Finland strengthens economy of wellbeing approach by joining Wellbeing Economy Governments network
Finland will join the global Wellbeing Economy Governments (WEGo) network. The informal network currently comprises Scotland, Wales, Iceland and New Zealand. The Organisation for Economic Co-operation and Development (OECD) has also participated in the operation of the WEGo network.
The network offers a global forum for discussing the economy of wellbeing and other wellbeing-related issues and sharing information and best practices for the purpose of supporting decision-making. It also promotes the implementation of the United Nations (UN) Sustainable Development Goals.
The economy of wellbeing emphasises the balance between the three dimensions of sustainable development — social, economic and environmental sustainability. In the economy of wellbeing, public resources are allocated for improving people’s wellbeing. In the long run, the sustainability and stability of society will improve.
“Joining the network will give us new opportunities to promote the economy of wellbeing approach, for example in the recovery from the COVID-19 crisis. This approach makes it possible to create a sustainable foundation for a just, equal, climate-friendly and competent society which is better equipped to respond to future crises and to overcome them more swiftly,” says Minister of Social Affairs and Health Aino-Kaisa Pekonen.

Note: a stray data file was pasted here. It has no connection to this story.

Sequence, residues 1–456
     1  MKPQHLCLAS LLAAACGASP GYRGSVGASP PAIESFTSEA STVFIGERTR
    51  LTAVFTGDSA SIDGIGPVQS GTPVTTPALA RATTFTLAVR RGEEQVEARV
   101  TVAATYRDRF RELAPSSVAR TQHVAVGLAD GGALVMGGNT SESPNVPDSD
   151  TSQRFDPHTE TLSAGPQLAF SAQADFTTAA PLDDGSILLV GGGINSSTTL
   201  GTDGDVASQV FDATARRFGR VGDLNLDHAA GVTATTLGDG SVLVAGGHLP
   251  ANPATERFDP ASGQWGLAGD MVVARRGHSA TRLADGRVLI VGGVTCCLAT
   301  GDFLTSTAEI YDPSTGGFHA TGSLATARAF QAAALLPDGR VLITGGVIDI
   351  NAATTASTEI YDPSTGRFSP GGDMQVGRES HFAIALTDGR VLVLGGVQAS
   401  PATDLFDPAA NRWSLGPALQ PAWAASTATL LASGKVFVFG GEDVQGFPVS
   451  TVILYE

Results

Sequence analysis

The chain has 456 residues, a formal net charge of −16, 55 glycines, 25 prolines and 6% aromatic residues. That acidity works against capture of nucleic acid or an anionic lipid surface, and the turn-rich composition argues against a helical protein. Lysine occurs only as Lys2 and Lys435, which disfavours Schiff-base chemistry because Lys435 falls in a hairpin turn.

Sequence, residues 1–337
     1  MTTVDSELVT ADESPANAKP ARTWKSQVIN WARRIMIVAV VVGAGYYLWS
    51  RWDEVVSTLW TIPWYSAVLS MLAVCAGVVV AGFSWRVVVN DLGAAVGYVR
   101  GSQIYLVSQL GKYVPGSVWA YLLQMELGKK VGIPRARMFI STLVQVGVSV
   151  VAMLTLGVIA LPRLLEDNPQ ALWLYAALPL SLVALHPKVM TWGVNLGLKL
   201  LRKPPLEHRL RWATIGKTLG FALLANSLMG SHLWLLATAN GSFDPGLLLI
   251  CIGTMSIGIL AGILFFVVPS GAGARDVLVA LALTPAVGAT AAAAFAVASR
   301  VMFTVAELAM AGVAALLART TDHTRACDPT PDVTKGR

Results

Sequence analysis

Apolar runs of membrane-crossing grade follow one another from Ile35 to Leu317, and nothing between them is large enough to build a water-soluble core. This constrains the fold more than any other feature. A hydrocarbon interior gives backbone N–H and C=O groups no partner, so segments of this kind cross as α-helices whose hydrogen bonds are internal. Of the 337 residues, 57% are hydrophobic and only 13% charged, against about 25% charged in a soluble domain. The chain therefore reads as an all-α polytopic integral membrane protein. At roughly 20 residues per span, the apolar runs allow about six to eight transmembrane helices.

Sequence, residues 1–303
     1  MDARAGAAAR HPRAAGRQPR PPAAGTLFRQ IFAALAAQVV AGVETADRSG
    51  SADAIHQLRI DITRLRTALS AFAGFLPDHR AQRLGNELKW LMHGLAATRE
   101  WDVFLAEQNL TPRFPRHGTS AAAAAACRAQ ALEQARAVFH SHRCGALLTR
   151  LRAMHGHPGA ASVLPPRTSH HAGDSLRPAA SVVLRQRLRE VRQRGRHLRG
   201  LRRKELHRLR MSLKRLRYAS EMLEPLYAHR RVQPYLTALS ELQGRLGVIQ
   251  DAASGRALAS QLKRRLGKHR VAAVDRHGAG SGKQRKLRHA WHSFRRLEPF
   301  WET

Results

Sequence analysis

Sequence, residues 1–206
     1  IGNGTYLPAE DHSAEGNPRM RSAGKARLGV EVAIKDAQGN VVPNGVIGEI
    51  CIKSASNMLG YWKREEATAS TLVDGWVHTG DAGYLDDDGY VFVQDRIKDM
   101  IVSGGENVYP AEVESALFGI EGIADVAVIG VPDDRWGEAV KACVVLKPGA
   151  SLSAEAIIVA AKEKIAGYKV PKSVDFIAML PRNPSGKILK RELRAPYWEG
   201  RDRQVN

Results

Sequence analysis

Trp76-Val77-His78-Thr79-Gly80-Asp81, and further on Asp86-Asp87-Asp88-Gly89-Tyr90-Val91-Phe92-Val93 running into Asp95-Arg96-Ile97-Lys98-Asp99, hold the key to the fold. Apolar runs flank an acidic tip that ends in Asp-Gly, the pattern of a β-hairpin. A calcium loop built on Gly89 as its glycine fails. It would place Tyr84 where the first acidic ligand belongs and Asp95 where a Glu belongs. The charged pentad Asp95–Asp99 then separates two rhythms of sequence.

Theme of wellbeing economy is important to Finland
The economy of wellbeing was the main theme in the health and social sector during Finland’s Presidency of the Council of the European Union. The Employment, Social Policy, Health and Consumer Affairs Council adopted conclusions on the economy of wellbeing under Finland’s Presidency in October 2019. The Council conclusions create a basis for further work on the concept in the EU.
Since its EU Presidency, Finland has also promoted the economy of wellbeing approach in other international forums, such as the UN, the World Health Organization (WHO) and Nordic cooperation.
The economy of wellbeing is also included in the Government Programme. Under the Programme, the aim of economic policy is to increase wellbeing. The Government aims, among other things, to boost the economy of wellbeing by investing in measures that foster people’s health and wellbeing and reduce their need for services.
In Finland, the economy of wellbeing is promoted by the division for the economy of wellbeing of the Advisory Board on Primary Healthcare, for example.
The Finnish Government discussed the issue of joining the network at its evening session on 18 November. Following the discussion, Minister of Social Affairs and Health Aino-Kaisa Pekonen informed Scotland, one of the founding members of the network, by letter that Finland would join the network.